05-23-2019  2:31 pm   •   PDX Weather    •   SEA weather  
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NORTHWEST NEWS

Lillard, Kemba, Lebron Among Noteworthy All-NBA Picks

Lillard receives All-NBA honors for the fourth time in his career.

Workshop Teaches ‘Civil Rights and Civil Wrongs’ Curriculum

Applications open for educators’ workshop on teaching Portland Black history

Portland to Host Alzheimer’s Conference

Alzheimer’s Foundation of America to hold educational conference June 11

Fitzpatrick to Retire

Longtime leader of PCRI moving on; organization interviewing candidates this week

NEWS BRIEFS

The Portland Clinic Foundation Awards $60,000 to 28 Portland-Area Nonprofits

Recipients include SEI, Coalition of Communities of Color ...

Albina Vision Trust Receives Meyer Memorial Trust Grant

Two-year grant will be used to increase Albina Vision’s capacity ...

Community Celebrates New Evelyn Crowell Center African American Exhibit at Cascade

On Monday, June 3, the PCC Cascade campus will host an official opening ceremony for the Evelyn Crowell Center for African American...

James Bible Seeks Bellevue City Council Seat

Civil rights attorney says he wants to prioritize housing, wages ...

North Clackamas School Named in Honor of Supreme Court Judge Adrienne Nelson

The Rock Creed Middle School will be converted and renamed in honor of Oregon Supreme Court Justice, Adrienne C. Nelson. ...

Owner of Bend Bulletin plans to dissolve the company

BEND, Ore. (AP) — The owner of the Bend Bulletin plans to dissolve the company and sell all seven newspapers in its Pacific Northwest chain, according to a liquidation plan filed in federal bankruptcy court Wednesday.Oregon Public Broadcasting reports that in the plan, filed in federal...

Senate approves cut to public employee retirement benefits

SALEM, Ore. (AP) — The Oregon Senate sent the House a short-term pension fix Thursday cutting public employee retirement benefits, a politically difficult vote for Democrats who say they were forced to choose between slashing benefits or letting employer interest rates rise.Ultimately, some...

Clemson transfer Kelly Bryant finds new home at Missouri

COLUMBIA, Mo. (AP) — By the end of last season, Missouri fans were enjoying quarterback Drew Lock's final days running the Tigers' offense and wondering who would take over this fall.The answer came in a Twitter post the night of Dec. 4 when Kelly Bryant announced he was transferring to...

Missouri files brief as it seeks to overturn NCAA sanctions

Missouri submitted its appeals brief to the NCAA on Monday, taking the next step in attempting to limit or overturn what it believes are overly harsh sanctions in the case of a rogue former tutor.The school argued in the 64-page brief to the NCAA's appeals committee that the penalties handed down...

OPINION

Forget the Adversity Score, Just Dump the SAT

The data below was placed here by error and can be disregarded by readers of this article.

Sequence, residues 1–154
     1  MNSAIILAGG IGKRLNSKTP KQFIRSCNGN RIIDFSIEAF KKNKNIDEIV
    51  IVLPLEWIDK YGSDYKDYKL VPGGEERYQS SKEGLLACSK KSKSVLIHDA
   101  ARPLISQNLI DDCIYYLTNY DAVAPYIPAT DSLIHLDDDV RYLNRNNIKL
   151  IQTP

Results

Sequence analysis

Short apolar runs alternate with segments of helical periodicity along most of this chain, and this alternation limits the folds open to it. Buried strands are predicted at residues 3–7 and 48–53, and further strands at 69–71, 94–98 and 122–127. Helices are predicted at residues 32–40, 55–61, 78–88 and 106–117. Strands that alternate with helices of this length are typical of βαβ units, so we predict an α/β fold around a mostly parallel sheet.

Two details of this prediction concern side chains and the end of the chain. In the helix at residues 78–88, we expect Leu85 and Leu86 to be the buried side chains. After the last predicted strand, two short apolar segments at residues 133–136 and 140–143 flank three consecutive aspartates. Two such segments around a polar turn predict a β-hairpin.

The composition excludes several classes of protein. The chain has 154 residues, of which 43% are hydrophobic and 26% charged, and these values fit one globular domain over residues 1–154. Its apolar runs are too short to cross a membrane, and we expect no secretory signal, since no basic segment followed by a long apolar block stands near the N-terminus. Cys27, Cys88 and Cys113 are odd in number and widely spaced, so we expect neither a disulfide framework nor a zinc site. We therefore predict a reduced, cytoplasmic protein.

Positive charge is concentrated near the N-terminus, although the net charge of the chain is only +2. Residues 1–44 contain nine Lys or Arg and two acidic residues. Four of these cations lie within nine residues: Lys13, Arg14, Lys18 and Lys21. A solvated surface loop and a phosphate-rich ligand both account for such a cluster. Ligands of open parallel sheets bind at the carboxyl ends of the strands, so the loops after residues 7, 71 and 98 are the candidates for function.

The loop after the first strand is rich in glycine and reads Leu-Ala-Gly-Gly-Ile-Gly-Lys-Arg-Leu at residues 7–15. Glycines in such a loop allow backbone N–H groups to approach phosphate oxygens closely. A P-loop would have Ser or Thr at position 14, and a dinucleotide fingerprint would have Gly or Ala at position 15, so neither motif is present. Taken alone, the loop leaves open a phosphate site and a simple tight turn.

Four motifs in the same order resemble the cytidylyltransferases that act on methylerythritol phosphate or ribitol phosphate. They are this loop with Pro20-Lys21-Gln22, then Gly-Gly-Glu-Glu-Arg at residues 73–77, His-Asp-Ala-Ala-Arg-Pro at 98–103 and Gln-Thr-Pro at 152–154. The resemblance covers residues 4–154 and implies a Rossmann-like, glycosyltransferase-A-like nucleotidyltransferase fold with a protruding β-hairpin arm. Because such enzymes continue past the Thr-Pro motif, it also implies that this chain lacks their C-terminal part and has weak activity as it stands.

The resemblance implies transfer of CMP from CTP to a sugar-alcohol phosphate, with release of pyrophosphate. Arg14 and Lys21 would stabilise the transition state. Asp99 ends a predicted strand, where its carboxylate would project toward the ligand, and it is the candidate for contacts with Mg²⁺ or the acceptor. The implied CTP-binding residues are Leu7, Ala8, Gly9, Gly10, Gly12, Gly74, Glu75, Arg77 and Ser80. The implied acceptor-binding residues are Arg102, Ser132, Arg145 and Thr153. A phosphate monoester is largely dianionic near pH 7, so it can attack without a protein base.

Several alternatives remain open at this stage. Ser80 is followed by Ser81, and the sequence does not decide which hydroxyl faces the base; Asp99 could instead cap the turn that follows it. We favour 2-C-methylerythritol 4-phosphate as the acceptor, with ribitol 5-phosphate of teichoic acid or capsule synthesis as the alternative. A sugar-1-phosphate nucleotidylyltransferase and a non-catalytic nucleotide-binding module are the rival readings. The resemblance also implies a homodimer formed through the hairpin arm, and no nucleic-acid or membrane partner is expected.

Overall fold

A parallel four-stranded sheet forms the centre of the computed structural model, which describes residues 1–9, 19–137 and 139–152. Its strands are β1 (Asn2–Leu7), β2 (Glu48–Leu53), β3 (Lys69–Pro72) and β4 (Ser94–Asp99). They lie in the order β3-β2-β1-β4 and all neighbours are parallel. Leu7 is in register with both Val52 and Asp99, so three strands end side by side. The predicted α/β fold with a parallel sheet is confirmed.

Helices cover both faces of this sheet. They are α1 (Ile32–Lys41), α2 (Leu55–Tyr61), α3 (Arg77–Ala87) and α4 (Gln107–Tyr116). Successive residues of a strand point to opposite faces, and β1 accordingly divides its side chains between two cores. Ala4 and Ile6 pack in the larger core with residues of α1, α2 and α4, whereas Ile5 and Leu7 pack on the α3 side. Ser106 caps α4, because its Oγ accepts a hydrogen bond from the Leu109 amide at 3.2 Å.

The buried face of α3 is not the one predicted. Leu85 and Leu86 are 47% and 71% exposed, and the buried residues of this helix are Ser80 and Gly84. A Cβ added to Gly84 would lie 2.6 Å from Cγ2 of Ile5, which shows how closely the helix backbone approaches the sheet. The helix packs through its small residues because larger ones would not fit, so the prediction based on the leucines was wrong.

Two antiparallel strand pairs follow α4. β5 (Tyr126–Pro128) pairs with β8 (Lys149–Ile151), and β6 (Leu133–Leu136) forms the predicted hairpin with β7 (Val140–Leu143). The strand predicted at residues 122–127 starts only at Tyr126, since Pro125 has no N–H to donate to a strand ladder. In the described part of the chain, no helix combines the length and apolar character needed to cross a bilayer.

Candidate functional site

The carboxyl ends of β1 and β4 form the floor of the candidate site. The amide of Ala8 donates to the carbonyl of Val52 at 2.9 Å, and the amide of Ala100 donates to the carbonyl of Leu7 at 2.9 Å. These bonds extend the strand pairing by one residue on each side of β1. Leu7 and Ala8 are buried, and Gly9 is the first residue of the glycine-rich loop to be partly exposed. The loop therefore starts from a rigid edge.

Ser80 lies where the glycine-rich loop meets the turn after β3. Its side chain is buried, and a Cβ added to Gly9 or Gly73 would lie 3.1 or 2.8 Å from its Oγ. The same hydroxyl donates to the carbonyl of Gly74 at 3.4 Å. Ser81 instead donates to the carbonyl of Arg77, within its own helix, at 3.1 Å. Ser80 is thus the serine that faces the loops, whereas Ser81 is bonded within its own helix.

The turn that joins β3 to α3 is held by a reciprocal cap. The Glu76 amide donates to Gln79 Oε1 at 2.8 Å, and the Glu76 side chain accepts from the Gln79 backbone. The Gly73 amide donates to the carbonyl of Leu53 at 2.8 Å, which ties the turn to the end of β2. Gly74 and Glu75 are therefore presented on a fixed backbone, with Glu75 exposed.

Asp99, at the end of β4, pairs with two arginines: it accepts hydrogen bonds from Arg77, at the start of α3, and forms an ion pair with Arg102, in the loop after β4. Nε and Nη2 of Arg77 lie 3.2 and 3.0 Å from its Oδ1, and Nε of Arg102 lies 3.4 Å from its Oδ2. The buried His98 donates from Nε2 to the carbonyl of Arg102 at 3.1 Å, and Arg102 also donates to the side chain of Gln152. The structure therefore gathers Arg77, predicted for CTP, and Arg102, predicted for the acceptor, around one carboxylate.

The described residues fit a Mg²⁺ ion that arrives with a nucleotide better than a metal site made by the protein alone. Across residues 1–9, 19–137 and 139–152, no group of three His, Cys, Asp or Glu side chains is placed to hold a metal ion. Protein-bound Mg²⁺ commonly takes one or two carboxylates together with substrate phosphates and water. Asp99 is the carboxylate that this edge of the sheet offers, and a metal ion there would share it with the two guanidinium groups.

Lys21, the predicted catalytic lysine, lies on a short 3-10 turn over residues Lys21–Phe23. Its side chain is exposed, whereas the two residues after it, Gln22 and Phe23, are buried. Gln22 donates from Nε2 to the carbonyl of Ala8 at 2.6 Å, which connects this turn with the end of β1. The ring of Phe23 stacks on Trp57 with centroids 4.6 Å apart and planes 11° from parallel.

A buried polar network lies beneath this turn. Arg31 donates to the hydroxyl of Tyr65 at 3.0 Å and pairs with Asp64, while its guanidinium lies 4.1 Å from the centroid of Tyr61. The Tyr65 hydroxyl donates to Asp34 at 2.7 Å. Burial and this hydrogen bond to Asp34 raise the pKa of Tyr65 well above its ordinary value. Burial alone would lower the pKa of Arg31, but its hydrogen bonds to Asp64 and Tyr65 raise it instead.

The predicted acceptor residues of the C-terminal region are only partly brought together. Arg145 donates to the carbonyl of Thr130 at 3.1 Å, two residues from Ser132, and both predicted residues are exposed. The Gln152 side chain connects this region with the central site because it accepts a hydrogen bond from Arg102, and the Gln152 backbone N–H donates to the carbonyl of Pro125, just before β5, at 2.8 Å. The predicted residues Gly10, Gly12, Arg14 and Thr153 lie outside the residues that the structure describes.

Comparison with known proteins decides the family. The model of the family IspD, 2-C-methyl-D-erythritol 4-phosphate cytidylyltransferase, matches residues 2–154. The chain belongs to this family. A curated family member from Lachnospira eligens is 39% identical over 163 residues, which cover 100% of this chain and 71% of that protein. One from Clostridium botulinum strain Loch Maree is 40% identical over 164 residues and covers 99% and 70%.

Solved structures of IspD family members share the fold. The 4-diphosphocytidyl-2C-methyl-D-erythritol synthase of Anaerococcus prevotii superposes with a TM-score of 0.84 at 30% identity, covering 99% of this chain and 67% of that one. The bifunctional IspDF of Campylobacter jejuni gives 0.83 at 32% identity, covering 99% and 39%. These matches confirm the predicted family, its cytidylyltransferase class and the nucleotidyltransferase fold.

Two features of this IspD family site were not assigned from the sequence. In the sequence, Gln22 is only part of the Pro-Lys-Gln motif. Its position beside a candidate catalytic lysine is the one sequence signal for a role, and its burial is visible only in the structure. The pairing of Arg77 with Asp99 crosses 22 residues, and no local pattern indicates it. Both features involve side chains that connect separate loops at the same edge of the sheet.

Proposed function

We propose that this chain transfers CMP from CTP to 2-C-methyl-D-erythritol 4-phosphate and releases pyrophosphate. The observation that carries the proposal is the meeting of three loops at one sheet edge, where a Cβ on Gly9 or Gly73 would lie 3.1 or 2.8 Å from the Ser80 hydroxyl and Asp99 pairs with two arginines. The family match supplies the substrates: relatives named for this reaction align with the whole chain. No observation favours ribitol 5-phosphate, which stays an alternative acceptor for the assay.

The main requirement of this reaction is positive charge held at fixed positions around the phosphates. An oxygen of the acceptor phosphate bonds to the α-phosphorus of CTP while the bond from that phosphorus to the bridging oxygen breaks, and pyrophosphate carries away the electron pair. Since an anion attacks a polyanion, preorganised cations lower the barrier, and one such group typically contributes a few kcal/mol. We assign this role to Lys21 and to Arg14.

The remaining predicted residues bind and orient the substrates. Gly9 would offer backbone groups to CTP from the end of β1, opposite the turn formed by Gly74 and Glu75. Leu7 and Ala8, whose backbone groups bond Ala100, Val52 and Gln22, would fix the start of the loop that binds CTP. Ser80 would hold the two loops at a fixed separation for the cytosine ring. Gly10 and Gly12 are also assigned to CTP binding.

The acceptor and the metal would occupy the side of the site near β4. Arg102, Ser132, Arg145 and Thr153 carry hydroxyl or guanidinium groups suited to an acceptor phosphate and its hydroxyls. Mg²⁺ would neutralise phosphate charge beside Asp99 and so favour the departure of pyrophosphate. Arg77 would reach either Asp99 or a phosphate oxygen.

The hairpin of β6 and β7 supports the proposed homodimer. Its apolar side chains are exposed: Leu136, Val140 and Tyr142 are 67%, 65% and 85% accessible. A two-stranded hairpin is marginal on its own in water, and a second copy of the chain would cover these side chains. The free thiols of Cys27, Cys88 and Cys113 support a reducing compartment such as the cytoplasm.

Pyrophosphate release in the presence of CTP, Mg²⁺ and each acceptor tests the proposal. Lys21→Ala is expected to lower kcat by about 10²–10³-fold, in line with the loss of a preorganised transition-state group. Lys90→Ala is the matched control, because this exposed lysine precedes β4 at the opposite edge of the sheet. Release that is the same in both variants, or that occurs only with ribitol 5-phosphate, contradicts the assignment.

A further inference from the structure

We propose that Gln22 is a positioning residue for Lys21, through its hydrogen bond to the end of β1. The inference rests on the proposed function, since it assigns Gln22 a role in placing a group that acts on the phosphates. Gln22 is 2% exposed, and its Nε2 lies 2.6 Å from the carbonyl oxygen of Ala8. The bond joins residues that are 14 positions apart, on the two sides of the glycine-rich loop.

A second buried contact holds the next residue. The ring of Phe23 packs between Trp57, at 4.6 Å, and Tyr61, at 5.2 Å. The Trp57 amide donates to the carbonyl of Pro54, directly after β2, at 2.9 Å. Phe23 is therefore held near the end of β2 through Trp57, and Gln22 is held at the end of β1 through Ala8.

Forget the Adversity Score, Just Dump the SAT ...

On the History of Medical Marijuana

The recent legalization of cannabis medicinally throughout the United States of America has made Cannabis sativa L., colloquially termed marijuana, hemp, or weed, the growing topic of conversation. ...

The Skanner News Endorsements May 2019

The Skanner endorses candidates in upcoming school board, PCC races ...

How Should We Handle Right-Wing Disrupters?

Liberal and progressive individuals and institutions should expect disruptions to not only continue but to increase in scale. ...

AFRICAN AMERICANS IN THE NEWS

Jail calls: Suspect, ex laughed at Tennessee church shooting

NASHVILLE, Tenn. (AP) — Jurors on Thursday heard jail calls in which a suspect charged with fatally shooting a woman and wounding seven people at a Nashville church in 2017 laughs about it with his then-girlfriend.The October 2017 calls were replayed in court Thursday in the Nashville trial...

West Point to graduate record number of black female cadets

WEST POINT, N.Y. (AP) — The class of cadets preparing to jubilantly toss their caps in the air at the U.S. Military Academy's graduation ceremony Saturday includes 34 black women, a record number that's a sign of concerted efforts to diversify West Point's Long Gray Line.West Point remains...

Charlottesville drama teacher to get special Tony Award

NEW YORK (AP) — The special Tony Award that honors educators this year will go to a drama teacher in Charlottesville, Virginia, who has encouraged her students to explore their differences and heal rifts, especially following a deadly 2017 white nationalist rally in the city.Madeline Michel...

ENTERTAINMENT

Batali accuser's attorneys: Chef must he held accountable

BOSTON (AP) — Lawyers for a woman who says Mario Batali forcibly kissed and groped her in a Boston restaurant in 2017 said Thursday the celebrity chef must be held accountable.Batali, who recently gave up financial stakes in all his restaurants, is to be arraigned Friday in Boston on a...

Kim Kardashian West locks arms with prison reform warriors

NEW YORK (AP) — Brittany K. Barnett and MiAngel Cody are warrior attorneys with a mission: freeing drug offenders serving life in a federal system the lawyers are working to reform.When it comes to the cause, their energy is boundless, Barnett through her Buried Alive Project and Cody as...

Netflix isn't absent at Cannes. It's everywhere.

CANNES, France (AP) — If you're going to earnestly shout "Vive le cinema!" the Cannes Film Festival is the place to do it.That's what Quentin Tarantino declared from atop Cannes' red-carpet stairs on his way into the premiere of "Once Upon a Time ... in Hollywood," his affectionate ode to...

U.S. & WORLD NEWS

Illegal killings, political opposition hobble wolf recovery

RALEIGH, N.C. (AP) — Illegal killings and longstanding political resistance have undercut the return of two...

Far from border, US cities feel effect of migrant releases